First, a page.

The challenges preventing Medicare Advantage plans from going all-in on supplemental benefits 

Medicare Advantage
A new report explores challenges faced by Medicare Advantage plans in offering supplemental benefits targeting the social determinants of health. (Getty/designer491)

Medicare Advantage (MA) insurers want to offer supplemental benefits but warn that the additional flexibilities offered by the feds may not be enough to really target beneficiaries, a new report shows. 

The Centers for Medicare & Medicaid Services (CMS) recently finalized new flexibilities to allow MA plan sponsors to offer nontraditional benefits that target the social determinants of health such as air quality tools, transportation and meals for the 2020 plan year. CMS broadened those options beginning in the 2019 plan year

Researchers at the Urban Institute conducted a series of interviews with MA insurers, health insurance experts and social services providers that highlighted several barriers to embracing benefits that target the social determinants of health: funding challenges and struggles in targeting the right beneficiaries. 

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Laura Skopec, senior research associate at the Urban Institute and one of the study’s authors, told FierceHealthcare plans are still working out which benefits are the most valuable for investment. 

RELATED: Why supplemental benefits in MA mark a 'turning point' for Medicare policy 

Due to those concerns, plans are starting with those that have low upfront costs such as meal delivery or small home modifications like grab bars in the shower, she said.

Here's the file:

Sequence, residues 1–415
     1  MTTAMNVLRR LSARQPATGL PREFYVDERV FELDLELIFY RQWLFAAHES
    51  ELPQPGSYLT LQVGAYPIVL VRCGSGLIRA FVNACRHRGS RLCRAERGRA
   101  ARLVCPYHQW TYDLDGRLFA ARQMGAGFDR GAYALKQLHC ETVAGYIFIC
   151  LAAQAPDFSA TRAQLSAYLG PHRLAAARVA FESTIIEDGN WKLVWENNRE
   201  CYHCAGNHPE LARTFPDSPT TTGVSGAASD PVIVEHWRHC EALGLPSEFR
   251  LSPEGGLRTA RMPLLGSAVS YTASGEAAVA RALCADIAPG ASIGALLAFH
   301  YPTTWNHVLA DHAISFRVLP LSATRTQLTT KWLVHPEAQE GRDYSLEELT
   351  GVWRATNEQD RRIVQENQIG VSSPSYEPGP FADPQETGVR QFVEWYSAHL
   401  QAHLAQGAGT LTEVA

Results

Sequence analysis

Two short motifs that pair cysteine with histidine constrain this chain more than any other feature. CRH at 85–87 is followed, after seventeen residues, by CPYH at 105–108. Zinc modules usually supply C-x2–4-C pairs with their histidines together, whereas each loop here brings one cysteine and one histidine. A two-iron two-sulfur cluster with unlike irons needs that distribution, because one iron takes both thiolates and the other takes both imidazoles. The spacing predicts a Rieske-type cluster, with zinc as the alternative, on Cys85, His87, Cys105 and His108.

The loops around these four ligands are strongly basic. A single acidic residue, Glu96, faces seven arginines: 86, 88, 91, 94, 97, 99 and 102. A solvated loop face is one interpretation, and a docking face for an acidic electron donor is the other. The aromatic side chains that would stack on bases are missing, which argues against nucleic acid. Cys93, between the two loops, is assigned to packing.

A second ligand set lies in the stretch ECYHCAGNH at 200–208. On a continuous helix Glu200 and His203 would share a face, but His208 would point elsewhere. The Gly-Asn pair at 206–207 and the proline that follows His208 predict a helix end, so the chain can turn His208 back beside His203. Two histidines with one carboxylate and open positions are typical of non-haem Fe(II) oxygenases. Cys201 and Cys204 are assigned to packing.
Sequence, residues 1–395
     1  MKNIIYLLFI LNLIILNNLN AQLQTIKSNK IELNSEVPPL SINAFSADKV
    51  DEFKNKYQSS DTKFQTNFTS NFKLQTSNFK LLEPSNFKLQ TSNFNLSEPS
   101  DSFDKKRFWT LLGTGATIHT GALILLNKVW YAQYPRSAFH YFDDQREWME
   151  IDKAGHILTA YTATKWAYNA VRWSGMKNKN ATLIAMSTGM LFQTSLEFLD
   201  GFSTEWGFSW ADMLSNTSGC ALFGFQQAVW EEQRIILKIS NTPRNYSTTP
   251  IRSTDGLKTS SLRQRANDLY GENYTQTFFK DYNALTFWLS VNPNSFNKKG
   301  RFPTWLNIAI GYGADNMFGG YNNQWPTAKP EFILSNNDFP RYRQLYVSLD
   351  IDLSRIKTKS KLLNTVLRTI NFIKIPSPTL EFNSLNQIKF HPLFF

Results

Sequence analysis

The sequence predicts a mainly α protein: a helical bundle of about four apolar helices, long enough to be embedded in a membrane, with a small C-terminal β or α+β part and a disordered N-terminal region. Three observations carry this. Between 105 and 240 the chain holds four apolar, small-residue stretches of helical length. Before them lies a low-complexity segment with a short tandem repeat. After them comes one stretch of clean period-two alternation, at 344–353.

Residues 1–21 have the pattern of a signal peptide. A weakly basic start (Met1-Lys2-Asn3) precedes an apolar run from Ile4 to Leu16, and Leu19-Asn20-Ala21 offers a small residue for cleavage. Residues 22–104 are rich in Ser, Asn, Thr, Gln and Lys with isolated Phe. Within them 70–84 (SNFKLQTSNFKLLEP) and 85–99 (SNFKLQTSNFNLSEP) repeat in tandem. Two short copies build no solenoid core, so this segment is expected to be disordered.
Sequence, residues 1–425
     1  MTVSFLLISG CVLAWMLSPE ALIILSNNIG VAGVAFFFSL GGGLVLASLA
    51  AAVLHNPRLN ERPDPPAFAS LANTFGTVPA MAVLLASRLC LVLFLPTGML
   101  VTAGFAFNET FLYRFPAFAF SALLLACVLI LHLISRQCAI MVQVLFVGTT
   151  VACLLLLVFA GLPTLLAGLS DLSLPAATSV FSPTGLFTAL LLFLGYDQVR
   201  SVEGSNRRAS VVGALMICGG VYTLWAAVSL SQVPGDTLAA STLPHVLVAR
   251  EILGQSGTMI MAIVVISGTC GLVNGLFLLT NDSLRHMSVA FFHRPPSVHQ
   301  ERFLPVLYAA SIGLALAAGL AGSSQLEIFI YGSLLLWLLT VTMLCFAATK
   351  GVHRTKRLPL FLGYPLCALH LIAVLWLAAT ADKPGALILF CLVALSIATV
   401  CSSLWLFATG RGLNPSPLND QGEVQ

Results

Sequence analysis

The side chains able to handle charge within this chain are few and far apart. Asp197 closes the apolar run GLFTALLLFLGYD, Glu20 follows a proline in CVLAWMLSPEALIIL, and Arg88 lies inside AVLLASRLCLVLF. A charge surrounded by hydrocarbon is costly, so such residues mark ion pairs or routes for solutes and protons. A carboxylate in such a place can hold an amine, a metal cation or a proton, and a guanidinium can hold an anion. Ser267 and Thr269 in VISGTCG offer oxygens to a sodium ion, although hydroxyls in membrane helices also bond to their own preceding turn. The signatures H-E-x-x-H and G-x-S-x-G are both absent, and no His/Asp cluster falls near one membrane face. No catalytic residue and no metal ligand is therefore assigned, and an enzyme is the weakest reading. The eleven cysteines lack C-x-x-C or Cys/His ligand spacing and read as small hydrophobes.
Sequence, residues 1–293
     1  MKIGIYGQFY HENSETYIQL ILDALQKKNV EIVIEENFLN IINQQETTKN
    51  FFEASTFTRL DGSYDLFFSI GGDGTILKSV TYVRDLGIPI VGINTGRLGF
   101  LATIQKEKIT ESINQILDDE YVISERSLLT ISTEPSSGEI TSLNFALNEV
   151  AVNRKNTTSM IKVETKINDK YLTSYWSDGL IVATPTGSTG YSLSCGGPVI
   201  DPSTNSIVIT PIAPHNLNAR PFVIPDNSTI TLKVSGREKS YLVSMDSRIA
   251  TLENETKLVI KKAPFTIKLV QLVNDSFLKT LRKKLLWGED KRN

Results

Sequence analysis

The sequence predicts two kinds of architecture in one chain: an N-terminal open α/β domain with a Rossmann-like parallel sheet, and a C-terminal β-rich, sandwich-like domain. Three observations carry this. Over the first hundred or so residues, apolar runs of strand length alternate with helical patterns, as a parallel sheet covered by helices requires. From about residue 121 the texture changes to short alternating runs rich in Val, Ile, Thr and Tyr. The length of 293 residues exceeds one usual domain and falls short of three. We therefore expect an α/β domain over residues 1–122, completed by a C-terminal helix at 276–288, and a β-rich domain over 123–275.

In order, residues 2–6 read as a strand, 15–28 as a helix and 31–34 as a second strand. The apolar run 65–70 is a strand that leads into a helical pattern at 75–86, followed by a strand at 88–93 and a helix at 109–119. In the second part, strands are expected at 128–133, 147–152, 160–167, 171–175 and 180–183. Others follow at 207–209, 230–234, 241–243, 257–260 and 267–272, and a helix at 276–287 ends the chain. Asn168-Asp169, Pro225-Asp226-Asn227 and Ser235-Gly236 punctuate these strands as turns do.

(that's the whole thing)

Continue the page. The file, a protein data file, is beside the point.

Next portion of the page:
“I think plans are interested and they want to be able to offer additional benefits that can help enrollees,” Skopec said. “But progress has been limited so far.”  

As CMS did not allocate additional funding for these benefits, health plans are stuck with limited financial resources to try supplemental benefits, the report noted. 

To pay for supplemental benefits, MA plan sponsors must pull from rebates CMS pays out to make up the difference between an insurers’ bid and the national benchmark, if the bid is below that marker. 

However, these rebates are often small, averaging about $107 per member per month in 2015, according to the study. Additionally, insurers pull from these funds for other efforts to lower cost-sharing or to cover benefits such as dental and vision care or gym memberships, which are popular with beneficiaries. 

RELATED: Offering Medicare Advantage supplemental benefits is a 'long play,' experts say 

“I think plans are reluctant to cut back those very popular benefits to add these untested benefits,” Skopec said. 

In addition, rebate values fluctuate widely based on geographic region. Insurers in Florida, for example, received $159 per member per month on average in 2015, while Georgia payers received an average of $48 per member per month. That can make it far harder for MA plan sponsors in certain regions to provide these additional benefits, according to the report. 

Payers also struggle to effectively target these benefits, as CMS wants them to target certain chronic conditions and not specific socioeconomic needs, according to the report. Allowing for more flexibility to identify and target specific beneficiary populations would make these benefits more useful and ensure investments are reaching the people that need them. 

Skopec added that another concern is that these benefits are only available in MA, which is a growing segment of the Medicare population but at present only represents about one-third of beneficiaries. 

Despite these challenges, insurers intend to continue trying these services, the report found. 

“I think that the flexibility to offer these new benefits is promising and will lead to some experimentation that will tell us a lot,” Skopec said. 

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